In Florida, you’ll find there are 2 types of crosswalks: marked and unmarked. A marked crosswalk is what we all imagine when we think of a crosswalk. There are lines painted on the ground to mark the boundaries and there may even be a button to push for a walk signal.
The law in Florida gives extra protection to a pedestrian hit by a vehicle when the pedestrian is in a crosswalk. If you were injured while crossing the road at an intersection without crosswalk markings you may have been in an unmarked crosswalk.
An unmarked crosswalk occurs at every intersection where the sidewalk meets the road, and is part of the roadway. There is not necessarily any paint or other marking to indicate the bounds of an unmarked crosswalk.
Florida Statutes Section 316.003 Defines a Crosswalk as:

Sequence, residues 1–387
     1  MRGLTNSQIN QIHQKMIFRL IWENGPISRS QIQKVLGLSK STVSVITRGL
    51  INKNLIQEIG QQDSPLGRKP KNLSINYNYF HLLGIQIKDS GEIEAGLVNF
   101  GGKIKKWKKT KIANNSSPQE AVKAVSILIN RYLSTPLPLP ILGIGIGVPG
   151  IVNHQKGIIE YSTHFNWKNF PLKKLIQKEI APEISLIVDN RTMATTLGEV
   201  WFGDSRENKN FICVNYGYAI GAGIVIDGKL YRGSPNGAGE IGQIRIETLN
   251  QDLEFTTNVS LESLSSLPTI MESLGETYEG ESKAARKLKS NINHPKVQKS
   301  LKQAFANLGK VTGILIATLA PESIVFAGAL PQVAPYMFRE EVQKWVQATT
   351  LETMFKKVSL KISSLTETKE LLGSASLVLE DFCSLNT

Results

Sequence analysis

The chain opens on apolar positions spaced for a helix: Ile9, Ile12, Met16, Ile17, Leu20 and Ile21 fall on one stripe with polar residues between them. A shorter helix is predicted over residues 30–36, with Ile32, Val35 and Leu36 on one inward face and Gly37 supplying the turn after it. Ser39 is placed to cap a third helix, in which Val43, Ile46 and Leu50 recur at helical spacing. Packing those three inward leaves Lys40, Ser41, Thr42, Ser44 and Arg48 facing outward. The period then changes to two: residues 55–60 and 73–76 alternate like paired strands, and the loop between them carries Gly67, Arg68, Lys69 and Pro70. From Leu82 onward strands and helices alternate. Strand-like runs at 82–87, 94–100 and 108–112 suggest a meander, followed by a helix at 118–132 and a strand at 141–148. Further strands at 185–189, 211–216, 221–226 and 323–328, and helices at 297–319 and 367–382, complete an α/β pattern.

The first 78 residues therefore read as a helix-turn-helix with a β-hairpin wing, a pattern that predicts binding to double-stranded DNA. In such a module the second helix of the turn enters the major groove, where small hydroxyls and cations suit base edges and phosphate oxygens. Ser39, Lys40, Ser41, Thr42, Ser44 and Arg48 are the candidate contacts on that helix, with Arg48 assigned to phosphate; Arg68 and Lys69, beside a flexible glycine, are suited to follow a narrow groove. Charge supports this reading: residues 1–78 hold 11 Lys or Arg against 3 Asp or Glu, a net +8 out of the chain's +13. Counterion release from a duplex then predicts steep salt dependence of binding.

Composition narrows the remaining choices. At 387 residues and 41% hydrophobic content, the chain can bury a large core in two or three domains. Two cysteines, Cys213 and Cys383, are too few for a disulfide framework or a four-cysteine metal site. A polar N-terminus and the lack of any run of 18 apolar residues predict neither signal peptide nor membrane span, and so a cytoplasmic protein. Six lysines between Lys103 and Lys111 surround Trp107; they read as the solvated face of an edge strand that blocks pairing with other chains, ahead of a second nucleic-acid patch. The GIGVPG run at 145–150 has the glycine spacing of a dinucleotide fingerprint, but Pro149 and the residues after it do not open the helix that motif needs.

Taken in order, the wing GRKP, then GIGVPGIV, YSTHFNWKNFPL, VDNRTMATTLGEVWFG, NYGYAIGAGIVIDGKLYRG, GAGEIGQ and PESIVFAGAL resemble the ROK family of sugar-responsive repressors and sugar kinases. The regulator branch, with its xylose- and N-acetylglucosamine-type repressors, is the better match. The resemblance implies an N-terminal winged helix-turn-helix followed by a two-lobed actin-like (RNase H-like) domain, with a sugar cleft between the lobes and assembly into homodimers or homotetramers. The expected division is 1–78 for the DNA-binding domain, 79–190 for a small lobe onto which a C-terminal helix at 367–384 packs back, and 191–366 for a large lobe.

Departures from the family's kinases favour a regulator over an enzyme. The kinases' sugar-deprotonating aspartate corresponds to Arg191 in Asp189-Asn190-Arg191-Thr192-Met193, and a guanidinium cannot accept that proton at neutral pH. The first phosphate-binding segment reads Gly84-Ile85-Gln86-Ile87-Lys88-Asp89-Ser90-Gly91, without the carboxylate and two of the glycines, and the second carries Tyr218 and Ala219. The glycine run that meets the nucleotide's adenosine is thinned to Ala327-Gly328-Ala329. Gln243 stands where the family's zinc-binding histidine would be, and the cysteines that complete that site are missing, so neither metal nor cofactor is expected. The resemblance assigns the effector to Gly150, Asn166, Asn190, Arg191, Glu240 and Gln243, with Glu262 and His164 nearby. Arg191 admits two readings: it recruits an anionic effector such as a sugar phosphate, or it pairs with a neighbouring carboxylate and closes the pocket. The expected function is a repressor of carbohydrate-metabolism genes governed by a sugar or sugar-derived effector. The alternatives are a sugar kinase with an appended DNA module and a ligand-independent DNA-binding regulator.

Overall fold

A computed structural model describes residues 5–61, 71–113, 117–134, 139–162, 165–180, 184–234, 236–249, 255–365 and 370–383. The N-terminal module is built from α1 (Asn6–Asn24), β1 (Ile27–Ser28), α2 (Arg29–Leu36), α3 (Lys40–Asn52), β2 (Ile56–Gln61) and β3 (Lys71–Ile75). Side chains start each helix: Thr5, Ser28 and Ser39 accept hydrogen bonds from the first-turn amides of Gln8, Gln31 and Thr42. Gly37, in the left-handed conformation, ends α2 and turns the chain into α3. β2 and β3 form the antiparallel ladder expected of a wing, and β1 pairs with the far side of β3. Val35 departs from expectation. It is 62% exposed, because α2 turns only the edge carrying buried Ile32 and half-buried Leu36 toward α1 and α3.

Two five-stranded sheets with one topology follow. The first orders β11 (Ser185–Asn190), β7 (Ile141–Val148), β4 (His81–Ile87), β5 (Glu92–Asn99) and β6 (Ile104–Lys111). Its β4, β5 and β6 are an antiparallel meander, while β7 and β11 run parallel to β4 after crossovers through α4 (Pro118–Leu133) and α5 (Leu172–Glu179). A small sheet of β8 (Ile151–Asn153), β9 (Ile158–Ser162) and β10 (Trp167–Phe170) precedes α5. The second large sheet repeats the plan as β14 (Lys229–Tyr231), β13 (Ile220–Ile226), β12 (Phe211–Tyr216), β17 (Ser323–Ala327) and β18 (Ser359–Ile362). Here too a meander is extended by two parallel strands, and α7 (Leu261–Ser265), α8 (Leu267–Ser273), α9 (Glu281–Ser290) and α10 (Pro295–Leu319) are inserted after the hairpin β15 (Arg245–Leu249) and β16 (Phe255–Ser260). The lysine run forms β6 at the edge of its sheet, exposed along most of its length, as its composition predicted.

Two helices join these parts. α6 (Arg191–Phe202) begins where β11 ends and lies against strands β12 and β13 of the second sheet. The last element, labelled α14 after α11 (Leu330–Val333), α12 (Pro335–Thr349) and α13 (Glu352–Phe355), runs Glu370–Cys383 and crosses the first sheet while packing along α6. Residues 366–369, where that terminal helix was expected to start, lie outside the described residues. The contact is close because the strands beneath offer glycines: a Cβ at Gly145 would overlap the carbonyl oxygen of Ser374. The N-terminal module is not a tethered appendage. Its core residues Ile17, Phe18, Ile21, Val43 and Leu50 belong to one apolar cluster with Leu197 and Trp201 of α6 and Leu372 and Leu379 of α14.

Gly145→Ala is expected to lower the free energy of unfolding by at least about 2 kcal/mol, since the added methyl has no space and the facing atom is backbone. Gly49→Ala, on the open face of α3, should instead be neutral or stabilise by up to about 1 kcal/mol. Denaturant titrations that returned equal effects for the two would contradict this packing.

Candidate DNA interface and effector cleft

- That part of a roadway at an intersection included within the connections of the lateral lines of the sidewalks on opposite sides of the highway, measured from the curbs or, in the absence of curbs, from the edges of the traversable roadway.
- Any portion of a roadway at an intersection or elsewhere distinctly indicated for pedestrian crossing by lines or other markings on the surface.
In order to determine the location of the unmarked crosswalk, you should picture the sidewalk or shoulder extending across the roadway until it meets the other side of the road. The unmarked crosswalk is measured from curb to curb. If there are no curbs, it is measured from the edge of the road.
Whether there is a marked or unmarked crosswalk, drivers should be mindful of the pedestrian right-of-way in Florida. Drivers who do not stop for pedestrians crossing the road may cause a motor vehicle versus pedestrian accident, which rarely ends well for the person on foot.
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